Shop Direct VAT repayments were subject to corporation tax, Supreme Court rules

Out-Law News | 18 Feb 2016 | 9:41 am | 2 min. read

Catalogue company Shop Direct must pay corporation tax on a £125 million repayment of VAT overpaid by companies in the group that no longer trade, the Supreme Court has confirmed.

Shop Direct, which is part of the Littlewoods group of companies, had attempted to argue that the repayments had been assigned to it through an intra-group arrangement and should not therefore be taxed as the proceeds of a former trade, by sections 103 and 106 of the  Income and Corporation Taxes Act 1988 (ICTA). The Supreme Court rejected this argument, and in the process upheld the earlier decisions of both the first-tier and upper tier tribunals and the Court of Appeal.

Giving the unanimous judgment of the court, Lord Hodge said that the purpose of the relevant statutory provision was "to make sure that sums which a person received, which arose from a discontinued trade and which were not otherwise taxed, were brought into a charge to tax".

"No sound reason of policy has been suggested for confining the charge to the former trader and his personal representatives," he said.

"The decisions and arrangements within the VAT group of companies about the specific company which was to receive the repayment did not alter the original source of the receipt. The question was whether the sum received arose from the discontinued trade before its discontinuance," he said.

Members of the Littlewoods group of companies made substantial VAT overpayments to HM Revenue and Customs (HMRC) between 1978 and 1996, based on a misunderstanding of the law around their ability to deduct the commission they paid to agents who collected sales from customers from the value of those sales. This particular repayment was made by HMRC in 2007, by which time the companies that had originally overpaid were no longer trading. Instead, Shop Direct received the repayment as 'beneficial owner'.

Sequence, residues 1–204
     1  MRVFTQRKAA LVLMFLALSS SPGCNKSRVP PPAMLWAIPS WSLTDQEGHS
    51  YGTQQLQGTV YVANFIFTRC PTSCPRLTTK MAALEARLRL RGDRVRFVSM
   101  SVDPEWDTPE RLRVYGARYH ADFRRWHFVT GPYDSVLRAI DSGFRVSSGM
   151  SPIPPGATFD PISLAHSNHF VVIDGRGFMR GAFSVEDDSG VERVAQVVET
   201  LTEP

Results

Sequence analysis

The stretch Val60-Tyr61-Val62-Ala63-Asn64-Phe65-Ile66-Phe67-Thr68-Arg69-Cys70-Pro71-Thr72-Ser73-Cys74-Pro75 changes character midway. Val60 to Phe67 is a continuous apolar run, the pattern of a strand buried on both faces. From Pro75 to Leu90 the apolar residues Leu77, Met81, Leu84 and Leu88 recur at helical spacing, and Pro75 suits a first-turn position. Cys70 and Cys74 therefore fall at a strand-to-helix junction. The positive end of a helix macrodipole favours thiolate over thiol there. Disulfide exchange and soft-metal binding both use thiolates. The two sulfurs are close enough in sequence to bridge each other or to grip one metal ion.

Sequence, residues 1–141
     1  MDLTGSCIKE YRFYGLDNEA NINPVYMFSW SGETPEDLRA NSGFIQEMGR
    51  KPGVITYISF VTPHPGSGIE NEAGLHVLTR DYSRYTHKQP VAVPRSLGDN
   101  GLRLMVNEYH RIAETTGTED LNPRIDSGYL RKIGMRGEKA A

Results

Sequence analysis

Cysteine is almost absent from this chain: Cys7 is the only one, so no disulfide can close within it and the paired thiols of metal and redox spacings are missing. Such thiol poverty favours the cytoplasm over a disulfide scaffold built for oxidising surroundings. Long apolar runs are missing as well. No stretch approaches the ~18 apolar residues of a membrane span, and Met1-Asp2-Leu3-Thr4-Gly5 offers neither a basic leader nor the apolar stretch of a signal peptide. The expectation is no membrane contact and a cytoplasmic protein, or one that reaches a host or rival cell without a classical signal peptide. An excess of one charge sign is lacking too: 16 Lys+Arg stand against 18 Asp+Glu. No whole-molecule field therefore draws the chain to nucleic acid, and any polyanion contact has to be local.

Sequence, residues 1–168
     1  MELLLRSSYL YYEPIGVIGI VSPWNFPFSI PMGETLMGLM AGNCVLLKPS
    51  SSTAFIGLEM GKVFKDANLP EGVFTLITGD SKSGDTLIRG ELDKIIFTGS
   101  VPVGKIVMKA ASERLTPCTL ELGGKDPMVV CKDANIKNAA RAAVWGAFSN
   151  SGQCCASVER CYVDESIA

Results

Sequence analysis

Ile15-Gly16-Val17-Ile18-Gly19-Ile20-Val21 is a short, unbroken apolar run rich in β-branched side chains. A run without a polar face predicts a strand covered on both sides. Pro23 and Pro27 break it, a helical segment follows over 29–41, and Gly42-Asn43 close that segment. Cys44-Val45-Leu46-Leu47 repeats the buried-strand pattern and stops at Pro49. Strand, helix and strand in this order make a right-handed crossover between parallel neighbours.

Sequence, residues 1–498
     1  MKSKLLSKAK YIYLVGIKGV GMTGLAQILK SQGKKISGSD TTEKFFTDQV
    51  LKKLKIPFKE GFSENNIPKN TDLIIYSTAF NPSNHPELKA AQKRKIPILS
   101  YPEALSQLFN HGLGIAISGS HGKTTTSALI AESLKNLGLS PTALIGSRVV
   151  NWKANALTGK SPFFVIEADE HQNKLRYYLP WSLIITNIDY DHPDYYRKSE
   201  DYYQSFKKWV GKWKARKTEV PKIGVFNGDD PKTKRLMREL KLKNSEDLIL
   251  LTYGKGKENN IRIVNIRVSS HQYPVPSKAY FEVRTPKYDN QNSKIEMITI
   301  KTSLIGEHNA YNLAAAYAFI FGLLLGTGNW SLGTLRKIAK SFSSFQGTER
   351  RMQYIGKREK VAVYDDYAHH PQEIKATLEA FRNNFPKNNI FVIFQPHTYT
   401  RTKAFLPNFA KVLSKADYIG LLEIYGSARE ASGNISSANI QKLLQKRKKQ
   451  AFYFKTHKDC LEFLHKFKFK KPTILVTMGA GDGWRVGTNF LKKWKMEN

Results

Under ICTA and previous tax laws dating back to 1960, money paid in respect of a trade, profession or vacation that is no longer trading is liable for corporation tax. These provisions were introduced to prevent businesses from avoiding tax by discontinuing trade during a particular tax year in order to escape corporation tax liability on what would otherwise have formed part of their taxable profits.

The Supreme Court had to consider whether the relevant statutory provisions contained an "implicit restriction" to the effect that only the former trader, whose trade was the source of the income, was liable to pay the corporation tax charge. According to its judgment, this was not the case for three reasons: because of the "clear" wording of the law; because of the "mischief" which the provisions were designed to capture; and because other parts of ICTA "drew a distinction between the person chargeable to tax and the person who had previously carried on the trade".

"[ICTA] specified the source of the sums which fell within the charge but imposed no further restriction on the charge," Lord Hodge said. "In particular, it imposed no limit on who was the recipient of the sums and thus liable to the charge."

The Supreme Court also dismissed an additional argument put forward by Shop Direct, to the effect that the legislation imposed a charge to tax on another entity entirely. Shop Direct had not raised this argument in the first-tier tribunal, and so the Court of Appeal had refused to allow it.

"I also am satisfied that it would not be fair to allow the argument to be advanced at this late stage," Lord Hodge said. "It involves [Shop Direct] inviting the court to make inferences from findings of fact which were not directed to the argument it now wishes to advance."